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What is the technology that uses a rectangular mask to do high focus imaging?

There is a newly developed technology that involves using a specialized mask to resolve images without the use of a lens. The technology potentially allows the imaging system to avoid limitations ...
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Is it possible to take long-distance X-ray images at a high resolution in Earth's atmosphere?

It's my understanding that different wavelengths of EM radiation are affected by scattering and attenuation to varying degrees. Would a camera using only X-rays be able to take a picture of something ...
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Heisenberg's Uncertainty Principle applied to general applied physics--- brain imaging spatial vs temporal resolution

Heisenberg's uncertainty principle states that you can't measure the position & momentum of an electron at the same time. With regards to spatial & temporal resolution - for brain imaging ...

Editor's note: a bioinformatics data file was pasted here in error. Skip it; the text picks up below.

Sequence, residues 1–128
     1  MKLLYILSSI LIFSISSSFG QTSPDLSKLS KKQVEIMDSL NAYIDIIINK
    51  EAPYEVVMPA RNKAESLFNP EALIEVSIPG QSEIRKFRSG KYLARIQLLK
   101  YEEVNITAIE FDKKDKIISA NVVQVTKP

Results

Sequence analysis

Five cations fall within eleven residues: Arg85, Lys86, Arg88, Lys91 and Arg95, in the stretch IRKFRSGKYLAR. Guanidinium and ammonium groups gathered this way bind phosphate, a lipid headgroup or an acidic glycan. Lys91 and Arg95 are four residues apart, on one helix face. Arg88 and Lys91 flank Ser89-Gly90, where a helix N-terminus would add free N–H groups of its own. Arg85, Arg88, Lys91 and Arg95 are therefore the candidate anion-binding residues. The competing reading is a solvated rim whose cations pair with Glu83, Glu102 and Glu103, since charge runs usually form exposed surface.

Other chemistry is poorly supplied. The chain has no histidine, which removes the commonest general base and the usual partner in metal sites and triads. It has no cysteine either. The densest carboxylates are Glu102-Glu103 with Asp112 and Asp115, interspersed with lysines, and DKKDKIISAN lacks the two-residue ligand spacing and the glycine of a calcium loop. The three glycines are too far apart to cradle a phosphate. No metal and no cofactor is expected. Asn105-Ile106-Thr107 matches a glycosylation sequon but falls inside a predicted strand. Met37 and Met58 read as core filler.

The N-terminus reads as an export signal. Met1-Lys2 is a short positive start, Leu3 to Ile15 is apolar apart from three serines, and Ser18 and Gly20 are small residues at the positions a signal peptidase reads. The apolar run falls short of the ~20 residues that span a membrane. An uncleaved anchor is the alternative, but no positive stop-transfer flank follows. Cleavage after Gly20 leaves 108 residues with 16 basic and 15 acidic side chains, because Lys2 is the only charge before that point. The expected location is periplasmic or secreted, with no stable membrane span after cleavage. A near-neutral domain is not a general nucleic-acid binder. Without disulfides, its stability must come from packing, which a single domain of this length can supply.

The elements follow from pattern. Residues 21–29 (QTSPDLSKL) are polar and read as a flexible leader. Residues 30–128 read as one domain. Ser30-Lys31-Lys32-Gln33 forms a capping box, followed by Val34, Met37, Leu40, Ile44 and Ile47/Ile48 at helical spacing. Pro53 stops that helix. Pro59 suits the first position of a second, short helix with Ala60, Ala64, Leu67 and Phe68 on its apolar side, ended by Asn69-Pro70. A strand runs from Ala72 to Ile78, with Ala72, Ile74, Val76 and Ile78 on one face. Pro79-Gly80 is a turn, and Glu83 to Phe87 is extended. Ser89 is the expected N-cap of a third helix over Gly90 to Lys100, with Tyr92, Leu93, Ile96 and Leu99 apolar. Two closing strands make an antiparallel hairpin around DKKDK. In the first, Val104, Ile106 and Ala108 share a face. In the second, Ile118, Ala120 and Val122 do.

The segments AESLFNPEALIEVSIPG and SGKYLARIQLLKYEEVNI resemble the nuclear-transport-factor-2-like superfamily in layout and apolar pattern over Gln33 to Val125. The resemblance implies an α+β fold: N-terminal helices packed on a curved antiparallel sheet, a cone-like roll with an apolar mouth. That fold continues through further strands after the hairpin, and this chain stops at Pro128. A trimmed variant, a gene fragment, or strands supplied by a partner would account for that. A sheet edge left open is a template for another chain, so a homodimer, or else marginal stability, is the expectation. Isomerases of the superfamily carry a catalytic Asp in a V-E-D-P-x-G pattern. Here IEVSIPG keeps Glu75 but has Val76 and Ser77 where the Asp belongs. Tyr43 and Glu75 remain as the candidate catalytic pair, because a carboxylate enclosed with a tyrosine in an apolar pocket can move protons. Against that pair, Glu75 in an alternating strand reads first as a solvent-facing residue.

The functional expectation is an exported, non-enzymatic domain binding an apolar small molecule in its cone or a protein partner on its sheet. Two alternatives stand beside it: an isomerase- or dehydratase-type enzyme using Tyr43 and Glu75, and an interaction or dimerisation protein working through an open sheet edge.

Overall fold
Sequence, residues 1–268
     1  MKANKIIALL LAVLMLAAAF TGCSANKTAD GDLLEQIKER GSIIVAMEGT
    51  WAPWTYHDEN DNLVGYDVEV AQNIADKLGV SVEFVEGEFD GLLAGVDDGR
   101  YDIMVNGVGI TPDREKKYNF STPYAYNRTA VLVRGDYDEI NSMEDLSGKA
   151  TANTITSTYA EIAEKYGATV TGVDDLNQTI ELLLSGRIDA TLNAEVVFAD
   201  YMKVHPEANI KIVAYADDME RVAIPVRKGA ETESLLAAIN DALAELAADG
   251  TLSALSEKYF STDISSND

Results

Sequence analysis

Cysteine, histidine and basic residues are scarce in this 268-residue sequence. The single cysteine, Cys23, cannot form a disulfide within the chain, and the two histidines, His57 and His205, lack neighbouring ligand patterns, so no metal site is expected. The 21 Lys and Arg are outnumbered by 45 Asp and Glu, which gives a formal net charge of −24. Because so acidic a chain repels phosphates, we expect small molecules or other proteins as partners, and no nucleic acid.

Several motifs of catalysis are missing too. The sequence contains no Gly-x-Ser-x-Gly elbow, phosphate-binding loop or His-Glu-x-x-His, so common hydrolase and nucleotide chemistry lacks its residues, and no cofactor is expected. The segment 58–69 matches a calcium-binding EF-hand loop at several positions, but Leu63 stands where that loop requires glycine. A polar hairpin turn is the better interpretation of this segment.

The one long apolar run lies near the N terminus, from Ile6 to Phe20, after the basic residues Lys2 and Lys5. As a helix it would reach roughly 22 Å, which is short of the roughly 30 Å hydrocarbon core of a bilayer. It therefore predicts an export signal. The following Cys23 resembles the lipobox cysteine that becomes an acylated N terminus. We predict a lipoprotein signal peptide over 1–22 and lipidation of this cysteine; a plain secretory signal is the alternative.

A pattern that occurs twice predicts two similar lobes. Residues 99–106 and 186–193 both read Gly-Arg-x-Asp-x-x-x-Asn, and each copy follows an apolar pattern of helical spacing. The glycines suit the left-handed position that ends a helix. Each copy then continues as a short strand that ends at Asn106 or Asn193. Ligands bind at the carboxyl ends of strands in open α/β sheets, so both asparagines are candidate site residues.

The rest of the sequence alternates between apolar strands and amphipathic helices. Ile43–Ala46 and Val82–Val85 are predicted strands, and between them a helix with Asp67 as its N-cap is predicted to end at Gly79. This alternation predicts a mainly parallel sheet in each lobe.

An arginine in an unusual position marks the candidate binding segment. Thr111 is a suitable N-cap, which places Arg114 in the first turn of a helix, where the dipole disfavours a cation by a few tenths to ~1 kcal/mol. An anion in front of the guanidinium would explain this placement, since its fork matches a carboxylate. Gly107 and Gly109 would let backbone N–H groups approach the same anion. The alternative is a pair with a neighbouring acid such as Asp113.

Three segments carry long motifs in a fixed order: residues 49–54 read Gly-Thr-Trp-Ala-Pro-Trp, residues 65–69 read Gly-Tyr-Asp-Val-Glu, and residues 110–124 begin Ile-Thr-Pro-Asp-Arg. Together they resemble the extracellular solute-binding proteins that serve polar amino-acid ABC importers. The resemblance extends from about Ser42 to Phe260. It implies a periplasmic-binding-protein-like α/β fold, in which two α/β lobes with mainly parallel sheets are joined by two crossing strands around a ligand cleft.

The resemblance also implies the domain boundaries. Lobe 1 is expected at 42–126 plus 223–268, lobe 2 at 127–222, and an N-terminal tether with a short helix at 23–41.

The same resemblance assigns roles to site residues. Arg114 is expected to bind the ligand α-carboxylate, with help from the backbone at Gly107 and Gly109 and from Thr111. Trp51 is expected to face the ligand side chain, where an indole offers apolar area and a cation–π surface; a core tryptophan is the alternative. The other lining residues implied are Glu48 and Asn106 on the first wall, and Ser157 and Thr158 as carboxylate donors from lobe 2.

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How to image liquid droplets using AFM?

I'm trying to image nanometer-sized (50~500 nm) liquid droplets on a rough surface (~500 nm Ra) in attractive mode. I'm being able to image the smaller droplets; however, when the droplets become ...
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Why is the Point Spread Function of a diffraction limited lens the Fourier transform of the Aperture Function?

I understand that only part of the spherical wave emerging from a point source in the object plane can be captured by the lens and so only a partial converging wave creates the image as shown on ...
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How do I apply Zernike coefficients to a wavefront?